Etymology
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Basque 

1811 (adj. and n.), from French, from Spanish vasco (adj.), from vascon (n.), from Latin Vascones (Vasconia was the Roman name for the up-country of the western Pyrenees), said by von Humboldt to originally mean "foresters" but more likely a Latinized version of the people's name for themselves, euskara or eskuara.

This contains a basic element -sk- which is believed to relate to maritime people or sailors, and which is also found in the name of the Etruscans .... [Room, "Placenames of the World," 2006]

Earlier in English was Basquish (1610s, noun and adjective); Baskles (plural noun, late 14c.; compare Old French Basclois); Baskon (n., mid-15c.). Biscayan also was used. In Middle English Basques were not always distinguished from Spaniards and Gascons.

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Batavia 
former name of Jakarta, capital of Indonesia, when it was the Dutch East Indies, a colony of the Netherlands; from Batavia, an ancient name for a region of Holland at the mouth of the Rhine, from Latin Batavi, a people who dwelt between the Rhine and the Waal on the island of Betawe. Related: Batavian.
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Battenberg (n.)
type of cake, 1903, from name of a town in Germany, the seat of a family which became known in Britain as Mountbatten.
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Bauhaus (n.)
1923, from German Bauhaus, literally "architecture-house;" name of a school of design founded in Weimar, Germany, 1919 by Walter Gropius (1883-1969), later extended to the principles it embodied. First element is bau "building, construction, structure," from Old High German buan "to dwell" (from PIE root *bheue- "to be, exist, grow"). For second element, see house (n.).
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Bavaria 
German Bayern, Medieval Latin Boiaria, named for the Boii, the ancient Celtic people who once lived there (also see Bohemia). Related: Bavarian.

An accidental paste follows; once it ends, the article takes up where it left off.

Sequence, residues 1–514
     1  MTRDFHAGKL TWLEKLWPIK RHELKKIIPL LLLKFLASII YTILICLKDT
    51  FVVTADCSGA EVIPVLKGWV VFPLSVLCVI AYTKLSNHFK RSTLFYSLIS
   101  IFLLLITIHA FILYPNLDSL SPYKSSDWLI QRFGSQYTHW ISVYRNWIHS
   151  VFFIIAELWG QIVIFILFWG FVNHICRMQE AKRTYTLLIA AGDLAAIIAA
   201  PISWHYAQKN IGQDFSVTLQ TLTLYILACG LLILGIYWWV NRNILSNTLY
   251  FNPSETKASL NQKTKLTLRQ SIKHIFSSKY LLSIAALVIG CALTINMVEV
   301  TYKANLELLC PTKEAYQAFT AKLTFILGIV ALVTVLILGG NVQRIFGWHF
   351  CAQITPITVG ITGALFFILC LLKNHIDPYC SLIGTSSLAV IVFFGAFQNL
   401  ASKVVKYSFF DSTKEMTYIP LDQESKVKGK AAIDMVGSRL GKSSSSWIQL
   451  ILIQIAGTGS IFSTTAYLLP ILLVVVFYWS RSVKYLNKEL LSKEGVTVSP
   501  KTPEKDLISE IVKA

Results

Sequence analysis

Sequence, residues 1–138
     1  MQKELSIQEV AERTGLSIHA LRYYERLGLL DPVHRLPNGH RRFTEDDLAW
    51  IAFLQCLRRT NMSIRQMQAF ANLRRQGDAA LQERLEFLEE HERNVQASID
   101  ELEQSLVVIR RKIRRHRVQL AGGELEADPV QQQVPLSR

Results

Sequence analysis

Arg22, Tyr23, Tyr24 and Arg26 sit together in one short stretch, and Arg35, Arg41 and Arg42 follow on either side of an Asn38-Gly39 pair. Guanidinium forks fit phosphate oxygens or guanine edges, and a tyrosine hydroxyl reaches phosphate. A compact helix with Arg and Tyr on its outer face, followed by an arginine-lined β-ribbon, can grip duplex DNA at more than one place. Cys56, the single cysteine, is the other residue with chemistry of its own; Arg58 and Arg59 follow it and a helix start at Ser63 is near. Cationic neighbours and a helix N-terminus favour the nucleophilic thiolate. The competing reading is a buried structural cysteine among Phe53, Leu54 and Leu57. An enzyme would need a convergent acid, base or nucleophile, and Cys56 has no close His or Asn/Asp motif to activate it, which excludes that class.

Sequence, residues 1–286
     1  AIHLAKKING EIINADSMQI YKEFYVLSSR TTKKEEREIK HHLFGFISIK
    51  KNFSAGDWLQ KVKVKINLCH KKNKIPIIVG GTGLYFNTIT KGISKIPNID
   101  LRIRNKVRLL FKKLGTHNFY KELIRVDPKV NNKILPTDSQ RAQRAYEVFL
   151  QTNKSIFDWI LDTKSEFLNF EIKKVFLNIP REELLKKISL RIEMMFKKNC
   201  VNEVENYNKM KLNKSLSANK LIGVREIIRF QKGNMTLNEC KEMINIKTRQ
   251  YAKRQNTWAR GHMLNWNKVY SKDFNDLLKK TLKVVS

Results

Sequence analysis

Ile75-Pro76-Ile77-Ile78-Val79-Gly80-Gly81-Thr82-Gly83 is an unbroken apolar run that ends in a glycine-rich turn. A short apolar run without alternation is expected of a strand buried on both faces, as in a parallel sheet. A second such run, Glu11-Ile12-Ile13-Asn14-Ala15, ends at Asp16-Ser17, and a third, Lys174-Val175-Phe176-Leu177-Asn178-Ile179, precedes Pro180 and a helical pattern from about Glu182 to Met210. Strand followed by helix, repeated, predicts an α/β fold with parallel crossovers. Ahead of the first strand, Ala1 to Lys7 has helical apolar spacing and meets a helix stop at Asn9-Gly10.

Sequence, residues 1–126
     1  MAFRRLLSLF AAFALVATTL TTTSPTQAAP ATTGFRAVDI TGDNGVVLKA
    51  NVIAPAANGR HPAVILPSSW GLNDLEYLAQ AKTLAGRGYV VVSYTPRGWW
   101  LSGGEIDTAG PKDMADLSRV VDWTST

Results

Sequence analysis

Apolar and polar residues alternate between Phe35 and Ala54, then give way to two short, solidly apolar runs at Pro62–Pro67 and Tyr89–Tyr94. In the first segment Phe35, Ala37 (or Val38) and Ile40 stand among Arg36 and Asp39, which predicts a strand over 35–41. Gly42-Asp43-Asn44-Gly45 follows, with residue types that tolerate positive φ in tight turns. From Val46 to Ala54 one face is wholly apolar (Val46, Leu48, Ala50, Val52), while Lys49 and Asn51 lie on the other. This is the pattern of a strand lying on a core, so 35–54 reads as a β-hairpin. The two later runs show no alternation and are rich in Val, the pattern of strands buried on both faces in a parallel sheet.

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Baxter 
surname, Middle English Bacestere (11c.), literally "baker;" see bake (v.) + -ster. Compare Old English bæcestre, fem. of bæcere "baker," which seems to suggest the surname meant "female baker," but Reaney ("Dictionary of English Surnames") notes Baxter is found mainly in the Anglian counties and is used chiefly of men. Only two examples have been noted with a woman's christian name."
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Bayard (n.)
generic or mock-heroic name for a horse, mid-14c., from Old French Baiard, name of the bay-colored magic steed given by Charlemagne to Renaud in the legends, from Old French baiart "bay-colored" (see bay (adj.)). Also by early 14c. proverbial as a blind person or thing, for now-unknown reasons.

The name later was used attributively of gentlemen of exceptional courage and integrity, in this sense from Pierre du Terrail, seigneur de Bayard (1473-1524), French knight celebrated as Chevalier sans peur et sans reproche. The surname is perhaps in reference to hair color.
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Bearnaise (n.)
"egg-and-butter sauce," 1877, from French sauce béarnaise, from fem. of béarnais "of Béarn," region in southwest France (named for the Benarni, a Gaulish tribe).
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Beatles (n.)
seminal rock and pop group formed in Liverpool, England; named as such 1960 (after a succession of other names), supposedly by then-bassist Stuart Sutcliffe, from beetles (on model of Buddy Holly's band The Crickets) with a pun on the musical sense of beat. Their global popularity dates to 1963.
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Beatrice 
fem. proper name, from French Béatrice, from Latin beatrix, fem. of beatricem "who makes happy," from beatus "happy, blessed," past participle of beare "make happy, bless," which is possibly from PIE *dweye-, suffixed form of root *deu- (2) "to do, perform; show favor, revere." De Vaan finds the connection "semantically attractive, but the morphology is unclear."
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